Soon after his return from the continent Barry is chosen a member of the Royal Academy of Arts. In 1782 he is appointed professor of painting in the room of Edward Penny with a salary of £30 a year. In 1799 he is expelled from the Academy soon after the appearance of his Letter to the Society of Dilettanti, an eccentric publication, full of enthusiasm for his art and at the same time of contempt for the living professors of it. He remains the only academician ever to be expelled by the Academy until Brendan Neiland in July 2004.

After the loss of his salary, a subscription is set on foot by the Earl of Buchan to relieve Barry from his difficulties, and to settle him in a larger house to finish his painting of Pandora. The subscription amounts to £1000, with which an annuity is bought, but on February 6, 1806 he is seized with illness and dies on February 22. His remains are interred in St. Paul’s Cathedral, London on March 4, 1806.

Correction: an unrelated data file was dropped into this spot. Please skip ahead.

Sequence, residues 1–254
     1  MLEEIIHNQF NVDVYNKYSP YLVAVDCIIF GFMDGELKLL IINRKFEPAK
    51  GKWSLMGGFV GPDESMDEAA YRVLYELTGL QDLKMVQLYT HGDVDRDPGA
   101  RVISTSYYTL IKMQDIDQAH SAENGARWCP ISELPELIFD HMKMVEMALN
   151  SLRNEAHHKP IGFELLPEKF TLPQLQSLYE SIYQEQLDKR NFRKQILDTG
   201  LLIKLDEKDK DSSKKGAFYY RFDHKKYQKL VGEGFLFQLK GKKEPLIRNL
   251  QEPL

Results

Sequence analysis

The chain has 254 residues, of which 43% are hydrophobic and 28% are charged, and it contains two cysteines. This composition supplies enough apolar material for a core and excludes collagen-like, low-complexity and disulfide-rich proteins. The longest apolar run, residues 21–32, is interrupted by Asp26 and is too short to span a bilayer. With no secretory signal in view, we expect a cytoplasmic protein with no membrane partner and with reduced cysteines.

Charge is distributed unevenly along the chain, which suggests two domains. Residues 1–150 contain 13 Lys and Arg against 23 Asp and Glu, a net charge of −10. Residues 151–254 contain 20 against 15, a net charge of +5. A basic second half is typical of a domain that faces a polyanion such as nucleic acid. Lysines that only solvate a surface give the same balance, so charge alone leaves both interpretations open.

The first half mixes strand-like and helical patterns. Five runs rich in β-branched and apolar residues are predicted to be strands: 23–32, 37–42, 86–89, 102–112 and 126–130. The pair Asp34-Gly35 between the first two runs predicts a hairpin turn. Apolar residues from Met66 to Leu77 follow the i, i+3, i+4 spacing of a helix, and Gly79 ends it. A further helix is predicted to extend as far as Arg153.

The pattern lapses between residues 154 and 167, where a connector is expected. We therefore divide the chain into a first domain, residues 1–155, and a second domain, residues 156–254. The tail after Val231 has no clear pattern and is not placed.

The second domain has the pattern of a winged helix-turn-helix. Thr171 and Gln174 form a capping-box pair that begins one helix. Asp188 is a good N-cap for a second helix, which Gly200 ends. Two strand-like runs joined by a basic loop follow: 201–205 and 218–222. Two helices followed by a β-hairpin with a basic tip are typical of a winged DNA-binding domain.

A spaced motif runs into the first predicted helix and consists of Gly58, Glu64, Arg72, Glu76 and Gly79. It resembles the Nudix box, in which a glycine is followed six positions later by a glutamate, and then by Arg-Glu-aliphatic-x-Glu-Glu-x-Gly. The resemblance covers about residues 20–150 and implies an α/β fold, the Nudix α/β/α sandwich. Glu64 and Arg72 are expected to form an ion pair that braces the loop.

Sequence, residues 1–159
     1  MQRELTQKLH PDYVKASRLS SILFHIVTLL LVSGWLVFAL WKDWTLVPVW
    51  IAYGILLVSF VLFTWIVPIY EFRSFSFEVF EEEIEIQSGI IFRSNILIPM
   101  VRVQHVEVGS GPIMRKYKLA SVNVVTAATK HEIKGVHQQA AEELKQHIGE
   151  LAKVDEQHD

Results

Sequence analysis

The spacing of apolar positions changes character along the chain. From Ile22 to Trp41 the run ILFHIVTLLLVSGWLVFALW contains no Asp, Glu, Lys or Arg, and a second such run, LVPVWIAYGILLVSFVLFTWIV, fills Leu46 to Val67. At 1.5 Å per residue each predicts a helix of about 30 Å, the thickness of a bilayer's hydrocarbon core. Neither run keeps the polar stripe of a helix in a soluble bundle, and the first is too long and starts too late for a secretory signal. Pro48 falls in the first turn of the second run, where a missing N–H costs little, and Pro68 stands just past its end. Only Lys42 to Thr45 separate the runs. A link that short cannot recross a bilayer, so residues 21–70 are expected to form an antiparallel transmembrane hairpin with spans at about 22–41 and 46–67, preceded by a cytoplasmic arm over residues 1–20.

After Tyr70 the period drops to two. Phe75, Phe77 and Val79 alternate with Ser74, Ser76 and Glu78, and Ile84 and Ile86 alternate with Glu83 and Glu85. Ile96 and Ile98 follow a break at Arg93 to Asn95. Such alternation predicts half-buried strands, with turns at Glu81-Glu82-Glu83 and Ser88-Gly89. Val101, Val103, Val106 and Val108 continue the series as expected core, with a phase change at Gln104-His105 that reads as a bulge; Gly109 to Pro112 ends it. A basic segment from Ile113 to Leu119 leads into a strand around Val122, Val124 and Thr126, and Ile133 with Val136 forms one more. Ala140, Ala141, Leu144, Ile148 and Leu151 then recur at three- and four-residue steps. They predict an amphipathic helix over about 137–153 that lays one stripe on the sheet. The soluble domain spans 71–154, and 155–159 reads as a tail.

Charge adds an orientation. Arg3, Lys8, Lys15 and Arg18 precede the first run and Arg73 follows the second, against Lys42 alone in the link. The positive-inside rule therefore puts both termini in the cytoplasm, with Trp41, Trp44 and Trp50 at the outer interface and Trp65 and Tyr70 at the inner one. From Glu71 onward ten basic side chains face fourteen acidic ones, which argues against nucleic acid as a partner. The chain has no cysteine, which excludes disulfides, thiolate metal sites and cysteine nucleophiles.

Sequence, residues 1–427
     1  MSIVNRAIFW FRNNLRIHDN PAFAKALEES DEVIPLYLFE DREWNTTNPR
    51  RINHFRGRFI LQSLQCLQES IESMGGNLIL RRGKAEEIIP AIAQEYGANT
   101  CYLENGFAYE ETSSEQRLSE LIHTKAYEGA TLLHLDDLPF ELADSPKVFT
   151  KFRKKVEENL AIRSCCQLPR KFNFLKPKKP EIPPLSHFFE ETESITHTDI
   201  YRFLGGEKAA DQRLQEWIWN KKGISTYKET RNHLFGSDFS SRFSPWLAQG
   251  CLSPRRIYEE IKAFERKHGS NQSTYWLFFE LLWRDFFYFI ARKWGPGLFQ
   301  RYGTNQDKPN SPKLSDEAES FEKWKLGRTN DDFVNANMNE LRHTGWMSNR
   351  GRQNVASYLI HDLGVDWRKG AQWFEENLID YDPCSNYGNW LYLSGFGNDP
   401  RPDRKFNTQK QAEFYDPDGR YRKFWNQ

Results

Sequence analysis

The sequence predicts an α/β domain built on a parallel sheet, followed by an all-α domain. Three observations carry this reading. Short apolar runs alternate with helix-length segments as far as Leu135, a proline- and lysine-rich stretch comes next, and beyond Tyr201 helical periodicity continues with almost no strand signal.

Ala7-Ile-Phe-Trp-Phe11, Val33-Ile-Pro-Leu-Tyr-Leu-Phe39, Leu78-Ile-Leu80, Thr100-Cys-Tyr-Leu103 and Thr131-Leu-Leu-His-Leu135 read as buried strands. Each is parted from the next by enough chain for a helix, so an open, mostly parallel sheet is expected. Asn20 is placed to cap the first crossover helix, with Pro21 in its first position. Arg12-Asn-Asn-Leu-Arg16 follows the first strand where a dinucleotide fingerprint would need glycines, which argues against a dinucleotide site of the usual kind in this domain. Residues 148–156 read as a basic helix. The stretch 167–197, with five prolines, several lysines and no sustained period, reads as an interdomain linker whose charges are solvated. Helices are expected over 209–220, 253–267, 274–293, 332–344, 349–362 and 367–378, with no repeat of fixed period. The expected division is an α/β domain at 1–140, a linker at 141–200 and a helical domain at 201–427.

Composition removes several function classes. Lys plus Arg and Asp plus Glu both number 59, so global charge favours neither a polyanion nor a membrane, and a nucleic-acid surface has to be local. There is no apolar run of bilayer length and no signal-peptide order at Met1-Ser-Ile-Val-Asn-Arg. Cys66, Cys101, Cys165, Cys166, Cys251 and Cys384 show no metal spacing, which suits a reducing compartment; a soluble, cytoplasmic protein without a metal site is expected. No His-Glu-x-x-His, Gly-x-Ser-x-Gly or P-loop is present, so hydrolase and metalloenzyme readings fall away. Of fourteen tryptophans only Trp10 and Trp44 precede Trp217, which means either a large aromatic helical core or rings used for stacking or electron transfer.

(Pictured: James Barry, Self-portrait, 1803, oil on canvas. National Gallery of Ireland, Dublin.)